HBO recently released Kent Jones’ documentary about a famous dialogue that occurred in 1962 between the young French New Wave director Francois Truffaut and his filmmaking idol, Alfred Hitchcock. Their conversation would later be converted into a book that would become an essential part of any cinema lover’s library. While the documentary is an enlightening account of this historical meeting, it also provides filmmakers with lessons from two of the medium’s greatest artists. While there are endless lessons to glean from “Hitchcock/Truffaut,” here are eight that I found to be very enlightening.
1. You should probably own a copy of “Hitchcock/Truffaut.”
Wes Anderson, David Fincher, James Gray, Paul Schrader, Oliver Assayas, Peter Bogdonovich, Martin Scorsese, and more all speak adoringly about this book, and these are just the filmmakers who made it on to the documentary. If any one of these great filmmakers gives advice, it would be wise to listen. When everyone on this list gives the same recommendation, it should probably be considered an essential text for any filmmaker. Plus, you can find a copy for only fifteen dollars, so it’s a pretty inexpensive way to get an education on filmmaking.
2. “Plausibility for the sake of plausibility doesn’t help.” — Alfred Hitchcock
At one point in their conversation, Hitchcock addressed critics who felt that his films lacked plausibility. He responded by saying, “Logic is dull.” It doesn’t necessarily make sense that a villain would choose to carry out a single assassination via airplane, but that’s what makes it disorienting and, in turn, suspenseful. Focusing on a plausible action would only make the villains more predictable. In an age where internet commentary constantly reminds us what does and doesn’t “make sense,” it’s important to remember that we as storytellers owe our audience a good story, not necessarily a logical one.
3. Mastering suspense isn’t always about fear.
When we think of Hitchcock as a master of suspense, we usually think of the terrifying suspense of “Psycho” or “The Birds,” but Hitchcock believed that suspense could and should be exercised in as many different scenarios as possible. He used the example of a man proposing to a woman. If done right, the audience should have to wait for the woman’s response in a way that makes them examine the scene for clues as to what her answer might be. This is a moment of suspense, and creating suspense in the ordinary, as well as the extraordinary, keeps your audience engaged. The clip below is a different Hitchcock proposal scene than the one used in the documentary, but the technique is still on full display.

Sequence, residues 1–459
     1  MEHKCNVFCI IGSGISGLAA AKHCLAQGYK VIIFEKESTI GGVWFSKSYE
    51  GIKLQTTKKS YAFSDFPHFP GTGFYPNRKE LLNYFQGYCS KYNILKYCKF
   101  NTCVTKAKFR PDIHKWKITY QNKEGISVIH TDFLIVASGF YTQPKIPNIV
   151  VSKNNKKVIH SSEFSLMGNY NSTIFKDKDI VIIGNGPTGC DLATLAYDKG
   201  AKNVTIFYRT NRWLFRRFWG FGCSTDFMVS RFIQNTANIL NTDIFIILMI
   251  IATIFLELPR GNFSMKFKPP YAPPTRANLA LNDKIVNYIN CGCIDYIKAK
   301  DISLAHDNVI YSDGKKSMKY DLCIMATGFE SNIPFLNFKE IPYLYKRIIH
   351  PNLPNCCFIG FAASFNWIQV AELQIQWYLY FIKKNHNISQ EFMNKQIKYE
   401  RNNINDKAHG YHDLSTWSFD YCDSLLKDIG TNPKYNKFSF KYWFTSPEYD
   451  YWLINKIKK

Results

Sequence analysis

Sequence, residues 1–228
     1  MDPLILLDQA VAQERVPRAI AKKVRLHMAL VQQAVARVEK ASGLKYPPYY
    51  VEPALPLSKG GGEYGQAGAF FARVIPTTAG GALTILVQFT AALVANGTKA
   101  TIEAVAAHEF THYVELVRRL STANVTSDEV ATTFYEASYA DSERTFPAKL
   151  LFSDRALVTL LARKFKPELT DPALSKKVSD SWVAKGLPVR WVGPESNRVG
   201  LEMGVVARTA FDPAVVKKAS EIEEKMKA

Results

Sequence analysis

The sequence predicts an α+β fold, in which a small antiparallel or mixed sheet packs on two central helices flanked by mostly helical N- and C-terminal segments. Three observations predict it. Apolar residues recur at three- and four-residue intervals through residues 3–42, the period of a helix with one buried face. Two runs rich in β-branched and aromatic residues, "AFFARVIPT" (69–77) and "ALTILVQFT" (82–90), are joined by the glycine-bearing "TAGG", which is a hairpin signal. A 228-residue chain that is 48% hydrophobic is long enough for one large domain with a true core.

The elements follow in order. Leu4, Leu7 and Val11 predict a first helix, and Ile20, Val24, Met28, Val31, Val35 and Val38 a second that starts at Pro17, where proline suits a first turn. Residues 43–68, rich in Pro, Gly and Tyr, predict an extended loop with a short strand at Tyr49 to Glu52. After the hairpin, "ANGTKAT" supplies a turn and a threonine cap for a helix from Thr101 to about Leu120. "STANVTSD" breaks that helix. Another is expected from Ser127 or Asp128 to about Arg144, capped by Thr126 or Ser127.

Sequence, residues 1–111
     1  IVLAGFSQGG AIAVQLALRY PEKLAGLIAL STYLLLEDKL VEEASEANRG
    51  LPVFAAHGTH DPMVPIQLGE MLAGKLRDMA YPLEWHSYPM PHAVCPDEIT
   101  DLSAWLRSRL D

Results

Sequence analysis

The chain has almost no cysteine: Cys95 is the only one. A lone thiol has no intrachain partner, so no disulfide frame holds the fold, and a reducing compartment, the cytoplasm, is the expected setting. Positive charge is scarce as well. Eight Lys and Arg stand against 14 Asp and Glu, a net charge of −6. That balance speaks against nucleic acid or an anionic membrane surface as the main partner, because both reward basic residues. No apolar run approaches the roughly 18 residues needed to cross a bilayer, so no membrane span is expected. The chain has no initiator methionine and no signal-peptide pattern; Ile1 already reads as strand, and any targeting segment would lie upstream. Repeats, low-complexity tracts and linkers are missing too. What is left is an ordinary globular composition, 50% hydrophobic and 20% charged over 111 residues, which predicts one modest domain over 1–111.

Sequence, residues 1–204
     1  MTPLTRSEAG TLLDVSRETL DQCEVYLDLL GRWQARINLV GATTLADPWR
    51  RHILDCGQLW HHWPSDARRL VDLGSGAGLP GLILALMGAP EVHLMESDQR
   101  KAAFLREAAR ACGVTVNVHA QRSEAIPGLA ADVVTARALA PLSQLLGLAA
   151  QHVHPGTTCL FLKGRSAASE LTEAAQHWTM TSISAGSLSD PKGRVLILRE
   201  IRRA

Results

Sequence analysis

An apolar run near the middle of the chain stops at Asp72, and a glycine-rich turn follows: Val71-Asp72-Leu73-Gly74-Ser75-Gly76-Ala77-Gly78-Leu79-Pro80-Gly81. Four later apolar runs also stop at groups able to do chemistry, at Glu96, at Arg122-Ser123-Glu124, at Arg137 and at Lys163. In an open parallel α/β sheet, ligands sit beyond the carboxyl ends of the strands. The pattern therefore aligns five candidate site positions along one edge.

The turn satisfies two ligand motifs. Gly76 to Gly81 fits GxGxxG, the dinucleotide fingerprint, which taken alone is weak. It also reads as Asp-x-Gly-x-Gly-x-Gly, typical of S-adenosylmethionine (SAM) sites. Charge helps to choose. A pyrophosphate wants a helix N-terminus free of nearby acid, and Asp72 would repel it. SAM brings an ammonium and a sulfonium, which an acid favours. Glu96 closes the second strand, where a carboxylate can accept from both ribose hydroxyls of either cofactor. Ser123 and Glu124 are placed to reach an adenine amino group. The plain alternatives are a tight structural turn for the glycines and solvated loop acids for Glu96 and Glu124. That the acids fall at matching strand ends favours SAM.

4. Don’t skimp on the bird’s eye view.
Placing the camera above the action does much more than establish a scene, and no one knew this better than Alfred Hitchcock. Cutting to a bird’s eye view to show a murder, like Hitchcock does in “Psycho,” shocks the audience because it presents an unexpected shift in perspective. Bring in a bird’s eye view in the middle of a catastrophe, like Hitchcock does in “The Birds,” makes the characters seem small an ineffectual. Finally, showing a character lie from a bird’s eye view, like Hitchcock does in Topaz, presents God-like position of judgement onto that character. Watch out for the sudden shift in perspective at 1:26 in the clip below.
5. Movies are visual. Treat your film like it’s silent.
This is a classic film school piece of advice, but it can’t not be mentioned in a conversation about Alfred Hitchcock, because he was a filmmaker who started by making silent films and transitioned his visual talents to the talkies. If you’re communicating your story visually, then your audience is more engaged. Need inspiration? YouTube has a bunch of Alfred Hitchcock’s silent films available for free.
6. Blandness can be necessary.
Good storytelling isn’t about shocking and awing your audience constantly. Knowing when to keep your story bland can be a great way to trick your audience into believing that they know what is about to happen. In “Psycho,” Hitchcock purposefully kept the beginning of the movie bland so that, when the killer is introduced halfway into the film, the audience is completely unprepared for it and the scare is maximized.
Compare the overall tone of this scene early in the film…
… With this scene later in the film (also another great example of the bird’s eye view).
7. Light defines your image.
Hitchcock says it so eloquently in the interview, “There’s no such thing as a face. It doesn’t exist until the light hits it… There’s no such thing as a line, it’s just light and shade.” I can’t think of a better way to communicate the importance of light in filmmaking. It’s as creatively free and essential as any other part of the film. Need an example? Hitchcock once put a light inside a glass of milk so that it would keep the audience’s attention while Cary Grant carried it up a flight of stairs.
8. Always remember the time.
In the documentary, David Fincher refers to directing as “editing behavior over time.” He notes that it’s the director’s job to make slow moments fast and fast moments slow, and praises Hitchcock for being a master of this element of storytelling. It’s important to never forget how slight tweaking in editing and dialogue, without even changing the speed of the playback, can slow down or speed up the audience’s perception of time. With the right process, filmmakers can turn a split-second moment into a huge climactic event or turn a lifetime of experiences into a brief sigh. There are too many nuances of time manipulation in filmmaking to cover in one blog post, but for now, enjoy how a simple passing of a key between CAry Grant and Ingrid Bergman in “Notorious” is elongated for dramatic effect.